The former “Ace” of the Toronto Blue Jays is struggling beyond what anyone could imagine.
On Monday-Ricky Romero’s fourth Triple A start-against the Durham Bulls, he went 2/3 of an inning surrendering eight runs on five hits. He walked three and didn’t strikeout a batter.
Overall, Romero has a 13.85 ERA in Buffalo. He has given up 20 earned runs in 13 innings, struck out three and walked a staggering 20 batters.
Romero’s struggles were evident even before the All-Star break last year. Despite an 8-2 record his ERA was over 5.00 and his control issues became very apparent.
In the second half of last season, a time when Romero was in the midst of a 13 game losing streak, all the signs pointed to a pitcher that had serious problems. Mechanical or not, there was an obvious disconnect.
After the season Sportsnet’s Shi Davidi reported on Romero’s elbow and knee surgeries. Was that the cause of this? Was he hiding injuries and overcompensating on the mound? Whatever the case may be, this is not the Ricky Romero that helped lead Cal State Fullerton to the NCAA World Series title in 2004. This is not the kid with “swag” that was in the top 10 in AL Cy Young voting in 2011. Romero is now a guy in the minors trying to make it from inning to inning without imploding.
Of course, this is not the first instance of a pitcher completely losing his ability to throw strikes. Rick Ankiel is the most recent pitcher in memory to have a breakdown this severe.
Ankiel was second in Rookie of the Year voting in 2000, but once in the playoffs suffered through two of the most agonizing appearances you could ever imagine; 11 walks in four innings and countless wild pitches to the backstop. Fortunately for Ankiel, he could hit the ball pretty good. Given the opportunity to change it up and become a hitter, Ankiel embraced the change and has become a functional utility player that once hit 25 home runs in 2008.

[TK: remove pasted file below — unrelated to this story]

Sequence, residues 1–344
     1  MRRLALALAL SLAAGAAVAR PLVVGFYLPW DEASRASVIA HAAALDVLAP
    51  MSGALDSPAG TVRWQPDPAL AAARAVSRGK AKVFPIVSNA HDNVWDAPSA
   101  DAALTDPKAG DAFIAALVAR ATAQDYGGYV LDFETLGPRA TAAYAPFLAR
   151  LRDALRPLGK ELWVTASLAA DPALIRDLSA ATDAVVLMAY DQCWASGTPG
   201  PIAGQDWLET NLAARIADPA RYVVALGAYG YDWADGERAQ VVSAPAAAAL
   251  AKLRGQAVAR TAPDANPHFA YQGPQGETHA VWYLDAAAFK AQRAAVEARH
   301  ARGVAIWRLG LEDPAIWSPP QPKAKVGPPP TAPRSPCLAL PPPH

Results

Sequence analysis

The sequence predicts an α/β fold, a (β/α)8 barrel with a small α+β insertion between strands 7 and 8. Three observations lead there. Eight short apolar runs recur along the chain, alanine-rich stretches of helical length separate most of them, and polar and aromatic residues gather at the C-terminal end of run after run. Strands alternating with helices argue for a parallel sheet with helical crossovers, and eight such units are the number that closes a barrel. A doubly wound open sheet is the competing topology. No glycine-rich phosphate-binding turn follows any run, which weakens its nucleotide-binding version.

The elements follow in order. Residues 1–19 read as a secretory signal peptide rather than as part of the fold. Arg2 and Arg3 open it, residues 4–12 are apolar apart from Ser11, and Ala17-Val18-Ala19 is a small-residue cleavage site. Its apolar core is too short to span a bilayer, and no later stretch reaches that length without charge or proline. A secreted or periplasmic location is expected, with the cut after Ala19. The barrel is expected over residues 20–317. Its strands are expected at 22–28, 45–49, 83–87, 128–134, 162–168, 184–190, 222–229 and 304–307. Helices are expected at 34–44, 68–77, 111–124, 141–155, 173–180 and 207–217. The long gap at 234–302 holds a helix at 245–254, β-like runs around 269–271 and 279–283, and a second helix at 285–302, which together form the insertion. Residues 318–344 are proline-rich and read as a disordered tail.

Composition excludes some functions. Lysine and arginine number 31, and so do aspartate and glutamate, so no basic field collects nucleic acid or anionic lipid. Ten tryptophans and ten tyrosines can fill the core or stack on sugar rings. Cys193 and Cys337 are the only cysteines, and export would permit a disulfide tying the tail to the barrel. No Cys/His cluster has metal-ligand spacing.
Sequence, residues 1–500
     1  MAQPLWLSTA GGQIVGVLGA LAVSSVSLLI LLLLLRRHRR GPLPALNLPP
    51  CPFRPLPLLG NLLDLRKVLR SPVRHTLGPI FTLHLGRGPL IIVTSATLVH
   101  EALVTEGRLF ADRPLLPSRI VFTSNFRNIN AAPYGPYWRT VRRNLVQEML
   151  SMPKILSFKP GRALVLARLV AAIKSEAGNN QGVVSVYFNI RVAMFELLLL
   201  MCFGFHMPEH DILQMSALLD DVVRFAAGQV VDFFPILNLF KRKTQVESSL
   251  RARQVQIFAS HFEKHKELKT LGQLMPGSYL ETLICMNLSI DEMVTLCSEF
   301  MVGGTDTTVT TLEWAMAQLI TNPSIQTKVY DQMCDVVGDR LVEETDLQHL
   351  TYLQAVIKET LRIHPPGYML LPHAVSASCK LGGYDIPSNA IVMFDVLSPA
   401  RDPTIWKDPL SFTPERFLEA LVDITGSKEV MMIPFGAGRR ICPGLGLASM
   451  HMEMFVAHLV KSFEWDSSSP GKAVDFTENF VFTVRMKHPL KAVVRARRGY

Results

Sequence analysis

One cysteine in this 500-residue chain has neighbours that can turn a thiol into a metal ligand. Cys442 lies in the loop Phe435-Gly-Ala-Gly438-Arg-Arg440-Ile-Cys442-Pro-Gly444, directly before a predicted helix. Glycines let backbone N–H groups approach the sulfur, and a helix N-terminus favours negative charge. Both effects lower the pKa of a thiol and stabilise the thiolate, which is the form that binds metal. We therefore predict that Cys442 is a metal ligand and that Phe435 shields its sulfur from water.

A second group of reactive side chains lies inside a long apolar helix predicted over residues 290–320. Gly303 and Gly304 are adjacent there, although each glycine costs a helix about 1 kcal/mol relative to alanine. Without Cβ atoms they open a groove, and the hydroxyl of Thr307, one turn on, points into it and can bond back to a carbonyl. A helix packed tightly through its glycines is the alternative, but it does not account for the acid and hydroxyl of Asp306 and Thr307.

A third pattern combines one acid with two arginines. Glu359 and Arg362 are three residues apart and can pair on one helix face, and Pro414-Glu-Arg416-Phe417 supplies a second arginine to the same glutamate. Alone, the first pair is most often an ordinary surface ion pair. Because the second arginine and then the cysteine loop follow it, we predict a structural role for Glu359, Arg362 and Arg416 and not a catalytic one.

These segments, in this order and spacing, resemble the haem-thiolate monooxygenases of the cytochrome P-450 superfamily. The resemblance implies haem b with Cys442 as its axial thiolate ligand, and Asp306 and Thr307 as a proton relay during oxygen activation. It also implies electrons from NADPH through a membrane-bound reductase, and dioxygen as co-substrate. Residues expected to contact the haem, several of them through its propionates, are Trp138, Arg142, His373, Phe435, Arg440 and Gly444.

Adam Loewen, one of the highest drafted Canadians ever, was as a pitcher coming out of the draft. Injuries forced him from the mound to the batter’s box and now he’s working his way through the minors as an outfielder. Romero has never been known for his batting skills and is unlikely to go that route.
Pitching is Romero’s bread and butter, and it’s completely foreign at the moment. No one can understand what he is going through right now except him and him alone.
Once at the top of his game, he’s now a shell of his former self. The act of pitching, once so natural, has become a disease with no cure.
Devon is the Founder and Executive Director of The GM’s Perspective. He is a former professional baseball player with the River City Rascals & Gateway Grizzlies. Currently, Devon is a Manager at a financial institution in Northern Ontario Canada, and can be reached at firstname.lastname@example.org. You can follow The GM’s Perspective on Twitter and Facebook. His full bio can be seen here.